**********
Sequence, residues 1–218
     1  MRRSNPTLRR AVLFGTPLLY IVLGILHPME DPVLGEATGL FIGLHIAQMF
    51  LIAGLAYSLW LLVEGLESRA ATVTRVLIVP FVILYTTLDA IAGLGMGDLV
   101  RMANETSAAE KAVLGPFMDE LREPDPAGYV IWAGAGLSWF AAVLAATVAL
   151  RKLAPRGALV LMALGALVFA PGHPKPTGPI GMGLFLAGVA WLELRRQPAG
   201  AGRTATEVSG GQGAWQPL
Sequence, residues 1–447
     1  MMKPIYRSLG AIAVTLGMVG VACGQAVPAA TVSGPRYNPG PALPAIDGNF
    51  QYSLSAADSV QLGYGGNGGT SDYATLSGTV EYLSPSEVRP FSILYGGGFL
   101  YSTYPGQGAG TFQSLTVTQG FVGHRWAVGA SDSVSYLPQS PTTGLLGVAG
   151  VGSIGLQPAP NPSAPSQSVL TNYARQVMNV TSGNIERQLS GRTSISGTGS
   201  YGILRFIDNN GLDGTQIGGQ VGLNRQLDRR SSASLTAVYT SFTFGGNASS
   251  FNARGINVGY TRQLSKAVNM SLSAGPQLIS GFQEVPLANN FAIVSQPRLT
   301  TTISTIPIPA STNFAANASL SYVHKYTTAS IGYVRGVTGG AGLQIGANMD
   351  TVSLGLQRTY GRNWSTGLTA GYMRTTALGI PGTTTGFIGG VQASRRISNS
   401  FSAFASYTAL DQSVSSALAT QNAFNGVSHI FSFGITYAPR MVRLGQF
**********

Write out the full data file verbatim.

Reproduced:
Sequence, residues 1–218
     1  MRRSNPTLRR AVLFGTPLLY IVLGILHPME DPVLGEATGL FIGLHIAQMF
    51  LIAGLAYSLW LLVEGLESRA ATVTRVLIVP FVILYTTLDA IAGLGMGDLV
   101  RMANETSAAE KAVLGPFMDE LREPDPAGYV IWAGAGLSWF AAVLAATVAL
   151  RKLAPRGALV LMALGALVFA PGHPKPTGPI GMGLFLAGVA WLELRRQPAG
   201  AGRTATEVSG GQGAWQPL
Sequence, residues 1–447
     1  MMKPIYRSLG AIAVTLGMVG VACGQAVPAA TVSGPRYNPG PALPAIDGNF
    51  QYSLSAADSV QLGYGGNGGT SDYATLSGTV EYLSPSEVRP FSILYGGGFL
   101  YSTYPGQGAG TFQSLTVTQG FVGHRWAVGA SDSVSYLPQS PTTGLLGVAG
   151  VGSIGLQPAP NPSAPSQSVL TNYARQVMNV TSGNIERQLS GRTSISGTGS
   201  YGILRFIDNN GLDGTQIGGQ VGLNRQLDRR SSASLTAVYT SFTFGGNASS
   251  FNARGINVGY TRQLSKAVNM SLSAGPQLIS GFQEVPLANN FAIVSQPRLT
   301  TTISTIPIPA STNFAANASL SYVHKYTTAS IGYVRGVTGG AGLQIGANMD
   351  TVSLGLQRTY GRNWSTGLTA GYMRTTALGI PGTTTGFIGG VQASRRISNS
   401  FSAFASYTAL DQSVSSALAT QNAFNGVSHI FSFGITYAPR MVRLGQF